I guess professionals serve at the pleasure of a petulant school board member...Tying ratings of teachers to student achievement took a new twist on May 10 when the Board of Education of the Los Angeles Unified School District decided that all members of Huntington Park High School must reinterview for their jobs even though the school met improvement goals on standardized tests. The plan is expected to result in the replacement of at least half the faculty by July when the start of school for the year-round campus begins ("L.A. district plans shakeup at Huntington Park High," Los Angeles Times, May 10).What makes the decision so controversial is that the school demonstrated progress last fall on the closely watched standardized tests. But board member Yolie Flores, who is an alumna of Huntington Park High School and who represents the area in which the school is located, expressed frustration over the pace of improvement. "This school has been waiting for decades, and people say wait a little longer. To me, it's a stall tactic. I'm tired of waiting," she said.
The LAUSD's decision further confirms the need for tenure. If it is eliminated, which reformers demand, then what is to prevent the same kind of arbitrary move to single out individual teachers who for one reason or another have rubbed the board of education the wrong way? I'm referring to teachers who speak out about controversial issues. Without tenure, they will be effectively muzzled, much to the detriment of students.Eliminating tenure is as much about consolidating political power as anything else. Take away a teacher's right to get involved in the political process, and you remove yet another challenge to the status quo. Board members know this; so do politicians.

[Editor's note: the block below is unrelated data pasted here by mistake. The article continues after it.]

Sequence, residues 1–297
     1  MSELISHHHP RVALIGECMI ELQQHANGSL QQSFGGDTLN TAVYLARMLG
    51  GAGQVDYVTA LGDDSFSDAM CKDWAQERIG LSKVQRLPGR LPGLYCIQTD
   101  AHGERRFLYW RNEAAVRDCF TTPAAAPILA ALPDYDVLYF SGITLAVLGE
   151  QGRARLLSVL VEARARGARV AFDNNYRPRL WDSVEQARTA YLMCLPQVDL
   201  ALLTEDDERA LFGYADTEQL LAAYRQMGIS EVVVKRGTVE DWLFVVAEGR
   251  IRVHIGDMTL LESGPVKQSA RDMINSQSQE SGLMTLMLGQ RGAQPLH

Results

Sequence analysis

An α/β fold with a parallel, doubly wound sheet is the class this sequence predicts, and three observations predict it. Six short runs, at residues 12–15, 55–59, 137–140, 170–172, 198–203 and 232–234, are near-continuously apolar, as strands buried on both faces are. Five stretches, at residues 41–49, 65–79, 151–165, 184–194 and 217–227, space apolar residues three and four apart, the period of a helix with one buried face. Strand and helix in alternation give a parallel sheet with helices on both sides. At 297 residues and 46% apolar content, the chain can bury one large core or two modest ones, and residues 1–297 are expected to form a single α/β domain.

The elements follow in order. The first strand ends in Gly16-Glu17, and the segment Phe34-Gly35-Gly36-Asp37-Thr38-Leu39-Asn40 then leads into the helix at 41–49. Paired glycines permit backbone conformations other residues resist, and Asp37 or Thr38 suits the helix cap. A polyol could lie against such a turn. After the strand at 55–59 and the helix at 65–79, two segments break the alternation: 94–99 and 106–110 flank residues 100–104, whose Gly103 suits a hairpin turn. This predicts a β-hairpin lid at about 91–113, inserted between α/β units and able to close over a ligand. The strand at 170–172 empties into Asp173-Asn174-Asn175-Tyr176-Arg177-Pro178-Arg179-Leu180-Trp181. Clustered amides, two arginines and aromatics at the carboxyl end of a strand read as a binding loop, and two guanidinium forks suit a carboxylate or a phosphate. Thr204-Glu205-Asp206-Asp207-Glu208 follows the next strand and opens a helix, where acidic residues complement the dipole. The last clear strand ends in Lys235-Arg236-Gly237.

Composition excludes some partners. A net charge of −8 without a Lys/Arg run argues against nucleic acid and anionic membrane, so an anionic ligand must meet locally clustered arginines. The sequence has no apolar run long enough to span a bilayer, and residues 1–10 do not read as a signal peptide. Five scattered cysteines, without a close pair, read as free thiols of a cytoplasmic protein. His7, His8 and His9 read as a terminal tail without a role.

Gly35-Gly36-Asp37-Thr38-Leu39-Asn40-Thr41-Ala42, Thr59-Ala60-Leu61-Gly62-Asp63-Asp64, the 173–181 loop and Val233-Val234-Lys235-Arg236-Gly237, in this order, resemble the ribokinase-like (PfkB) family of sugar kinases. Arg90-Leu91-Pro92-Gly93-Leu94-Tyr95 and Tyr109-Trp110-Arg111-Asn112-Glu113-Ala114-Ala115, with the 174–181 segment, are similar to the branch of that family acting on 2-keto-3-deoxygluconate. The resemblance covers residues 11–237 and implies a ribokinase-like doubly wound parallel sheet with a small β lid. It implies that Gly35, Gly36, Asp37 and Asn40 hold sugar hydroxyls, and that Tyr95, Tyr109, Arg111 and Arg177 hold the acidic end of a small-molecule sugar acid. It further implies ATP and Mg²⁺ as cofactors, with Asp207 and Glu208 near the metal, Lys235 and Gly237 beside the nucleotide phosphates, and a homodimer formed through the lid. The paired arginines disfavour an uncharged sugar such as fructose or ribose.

Republicans have a predilection for cronyism, but Democrats are quite adept at the game as well. Removing tenure ensures a steady stream of jobs both parties can give to hacks. No one who cares about teacher quality should support do away with it.